This sheep herding operation stopped me in my tracks this morning. Once again I was in my beloved Lake District. This time to pick up a monk left there two weeks ago, to rest. I was being navigated by a TomTom satellite navigation gadget. It did so well, talking me along remote roads I’d never have been able to negotiate without stopping every few miles to check a map. The road I particularly liked was the one over the fell from Grasemere to Great Langdale valley. I’m fairly sure this is a flock of Herdwick sheep by the way.
During a brief walk in the Langdale valley, in the fine rain that is so dear to my memories of hiking in these fair hills, I found myself addressing one of the sheep directly. Nice coat! I exclaimed, a spinning wheel flashing before my eyes. There was no answer, of course, however they do seem to smile. They are certainly not at all like other sheep who skitter away when humans are close. These just kept on grazing grass, undisturbed and unperturbed as I passed by. I see their fine coats are less used for knitting yarn and more carpet and loft insulation material!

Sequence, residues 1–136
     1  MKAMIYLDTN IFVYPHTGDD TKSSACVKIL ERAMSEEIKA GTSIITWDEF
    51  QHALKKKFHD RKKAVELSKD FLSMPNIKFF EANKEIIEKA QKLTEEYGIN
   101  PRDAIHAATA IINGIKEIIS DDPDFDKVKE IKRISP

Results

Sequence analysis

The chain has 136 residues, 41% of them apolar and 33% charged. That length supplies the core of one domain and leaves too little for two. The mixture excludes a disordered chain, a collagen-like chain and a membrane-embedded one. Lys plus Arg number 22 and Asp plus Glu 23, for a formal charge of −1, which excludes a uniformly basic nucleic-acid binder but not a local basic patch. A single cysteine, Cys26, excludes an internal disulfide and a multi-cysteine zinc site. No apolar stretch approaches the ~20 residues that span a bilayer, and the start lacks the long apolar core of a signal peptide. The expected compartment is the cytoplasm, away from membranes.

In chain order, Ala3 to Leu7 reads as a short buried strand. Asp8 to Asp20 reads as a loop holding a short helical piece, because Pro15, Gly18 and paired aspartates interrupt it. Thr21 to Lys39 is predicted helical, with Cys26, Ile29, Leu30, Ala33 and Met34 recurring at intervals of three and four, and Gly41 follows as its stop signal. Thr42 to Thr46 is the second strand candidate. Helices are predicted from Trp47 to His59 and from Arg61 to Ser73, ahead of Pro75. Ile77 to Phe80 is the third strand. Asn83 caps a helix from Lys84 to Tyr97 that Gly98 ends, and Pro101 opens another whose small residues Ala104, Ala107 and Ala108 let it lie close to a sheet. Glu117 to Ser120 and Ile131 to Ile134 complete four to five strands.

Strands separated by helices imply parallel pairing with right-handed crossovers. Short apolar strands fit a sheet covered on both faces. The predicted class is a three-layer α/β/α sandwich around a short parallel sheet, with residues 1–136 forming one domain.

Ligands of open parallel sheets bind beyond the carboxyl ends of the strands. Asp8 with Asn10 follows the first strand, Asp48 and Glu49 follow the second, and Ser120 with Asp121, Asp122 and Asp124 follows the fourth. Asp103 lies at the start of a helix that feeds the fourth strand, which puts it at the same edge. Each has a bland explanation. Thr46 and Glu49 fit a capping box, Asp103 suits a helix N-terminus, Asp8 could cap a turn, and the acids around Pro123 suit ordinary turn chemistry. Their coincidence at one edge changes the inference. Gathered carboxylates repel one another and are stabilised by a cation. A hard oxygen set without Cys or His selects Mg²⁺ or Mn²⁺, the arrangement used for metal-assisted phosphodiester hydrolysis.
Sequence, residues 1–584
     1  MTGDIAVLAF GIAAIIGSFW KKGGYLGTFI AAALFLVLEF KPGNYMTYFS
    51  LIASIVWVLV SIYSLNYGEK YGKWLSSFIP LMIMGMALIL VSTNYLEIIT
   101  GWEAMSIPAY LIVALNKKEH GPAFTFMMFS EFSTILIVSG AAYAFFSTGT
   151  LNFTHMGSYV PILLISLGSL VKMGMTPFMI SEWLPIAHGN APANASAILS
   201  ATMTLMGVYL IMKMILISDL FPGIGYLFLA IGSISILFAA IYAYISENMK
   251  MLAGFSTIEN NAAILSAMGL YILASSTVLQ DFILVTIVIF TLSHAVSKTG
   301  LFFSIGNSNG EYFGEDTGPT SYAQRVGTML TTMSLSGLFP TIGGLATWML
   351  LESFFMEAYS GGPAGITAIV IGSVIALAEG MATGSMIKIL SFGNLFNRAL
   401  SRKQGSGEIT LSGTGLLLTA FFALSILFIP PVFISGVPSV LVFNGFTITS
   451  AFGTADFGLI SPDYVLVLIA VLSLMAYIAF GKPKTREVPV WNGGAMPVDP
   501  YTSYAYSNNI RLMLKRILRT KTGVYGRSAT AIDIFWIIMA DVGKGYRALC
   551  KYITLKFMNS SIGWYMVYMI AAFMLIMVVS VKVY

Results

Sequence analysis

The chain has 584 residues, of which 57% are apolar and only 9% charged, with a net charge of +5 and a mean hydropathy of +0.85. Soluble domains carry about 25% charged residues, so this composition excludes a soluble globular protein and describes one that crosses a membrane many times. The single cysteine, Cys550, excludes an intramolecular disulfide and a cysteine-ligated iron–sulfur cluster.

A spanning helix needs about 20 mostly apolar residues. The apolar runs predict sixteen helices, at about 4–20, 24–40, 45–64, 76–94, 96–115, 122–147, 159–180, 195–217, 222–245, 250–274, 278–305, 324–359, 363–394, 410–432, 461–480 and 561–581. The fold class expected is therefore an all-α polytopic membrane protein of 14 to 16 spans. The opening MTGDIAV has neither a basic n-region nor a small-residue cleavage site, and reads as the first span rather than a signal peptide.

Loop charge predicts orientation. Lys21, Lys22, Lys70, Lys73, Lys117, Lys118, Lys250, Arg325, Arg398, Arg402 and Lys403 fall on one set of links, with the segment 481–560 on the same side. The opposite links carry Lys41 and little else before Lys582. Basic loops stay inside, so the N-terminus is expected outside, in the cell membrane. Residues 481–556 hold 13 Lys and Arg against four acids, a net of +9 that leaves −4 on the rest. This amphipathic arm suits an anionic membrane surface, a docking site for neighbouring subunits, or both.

Herdwicks are a dual-purpose breed, but are primarily raised for their hard and resilient grey wool. Their fleece is primarily suited to use as carpet wool; these carpets are sold under the auspices of the National Trust. The wool is also an excellent natural insulator – it is possible to buy sheets of fireproofed wool to fit as loft insulation.
Thanks go to Janet who bought the TomTom originally, and to her family who donated the the machine to the monastery following her death.